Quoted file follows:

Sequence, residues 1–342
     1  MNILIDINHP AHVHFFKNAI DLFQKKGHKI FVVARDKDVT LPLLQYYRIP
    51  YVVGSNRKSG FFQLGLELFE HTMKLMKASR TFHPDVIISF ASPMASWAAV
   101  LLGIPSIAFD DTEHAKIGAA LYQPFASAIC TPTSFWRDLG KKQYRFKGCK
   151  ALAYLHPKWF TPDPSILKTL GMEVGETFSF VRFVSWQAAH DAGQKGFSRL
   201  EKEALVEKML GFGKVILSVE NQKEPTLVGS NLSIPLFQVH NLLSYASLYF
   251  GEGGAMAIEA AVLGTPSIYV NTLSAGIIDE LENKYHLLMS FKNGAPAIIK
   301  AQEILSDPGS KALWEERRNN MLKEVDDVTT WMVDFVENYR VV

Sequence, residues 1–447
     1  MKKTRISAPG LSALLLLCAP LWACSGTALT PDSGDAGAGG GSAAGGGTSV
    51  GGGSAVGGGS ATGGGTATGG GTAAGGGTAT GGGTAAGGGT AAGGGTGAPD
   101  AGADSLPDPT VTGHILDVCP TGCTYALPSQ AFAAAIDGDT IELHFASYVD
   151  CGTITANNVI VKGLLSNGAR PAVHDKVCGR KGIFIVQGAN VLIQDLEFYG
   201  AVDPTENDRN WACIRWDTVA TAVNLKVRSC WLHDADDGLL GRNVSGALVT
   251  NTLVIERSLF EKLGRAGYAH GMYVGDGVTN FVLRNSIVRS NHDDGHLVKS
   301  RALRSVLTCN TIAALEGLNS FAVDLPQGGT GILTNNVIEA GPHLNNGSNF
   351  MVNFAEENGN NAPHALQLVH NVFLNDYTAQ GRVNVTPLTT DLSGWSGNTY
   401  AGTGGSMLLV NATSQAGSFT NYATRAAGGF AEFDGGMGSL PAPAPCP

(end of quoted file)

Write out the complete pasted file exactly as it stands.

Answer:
Sequence, residues 1–342
     1  MNILIDINHP AHVHFFKNAI DLFQKKGHKI FVVARDKDVT LPLLQYYRIP
    51  YVVGSNRKSG FFQLGLELFE HTMKLMKASR TFHPDVIISF ASPMASWAAV
   101  LLGIPSIAFD DTEHAKIGAA LYQPFASAIC TPTSFWRDLG KKQYRFKGCK
   151  ALAYLHPKWF TPDPSILKTL GMEVGETFSF VRFVSWQAAH DAGQKGFSRL
   201  EKEALVEKML GFGKVILSVE NQKEPTLVGS NLSIPLFQVH NLLSYASLYF
   251  GEGGAMAIEA AVLGTPSIYV NTLSAGIIDE LENKYHLLMS FKNGAPAIIK
   301  AQEILSDPGS KALWEERRNN MLKEVDDVTT WMVDFVENYR VV

Sequence, residues 1–447
     1  MKKTRISAPG LSALLLLCAP LWACSGTALT PDSGDAGAGG GSAAGGGTSV
    51  GGGSAVGGGS ATGGGTATGG GTAAGGGTAT GGGTAAGGGT AAGGGTGAPD
   101  AGADSLPDPT VTGHILDVCP TGCTYALPSQ AFAAAIDGDT IELHFASYVD
   151  CGTITANNVI VKGLLSNGAR PAVHDKVCGR KGIFIVQGAN VLIQDLEFYG
   201  AVDPTENDRN WACIRWDTVA TAVNLKVRSC WLHDADDGLL GRNVSGALVT
   251  NTLVIERSLF EKLGRAGYAH GMYVGDGVTN FVLRNSIVRS NHDDGHLVKS
   301  RALRSVLTCN TIAALEGLNS FAVDLPQGGT GILTNNVIEA GPHLNNGSNF
   351  MVNFAEENGN NAPHALQLVH NVFLNDYTAQ GRVNVTPLTT DLSGWSGNTY
   401  AGTGGSMLLV NATSQAGSFT NYATRAAGGF AEFDGGMGSL PAPAPCP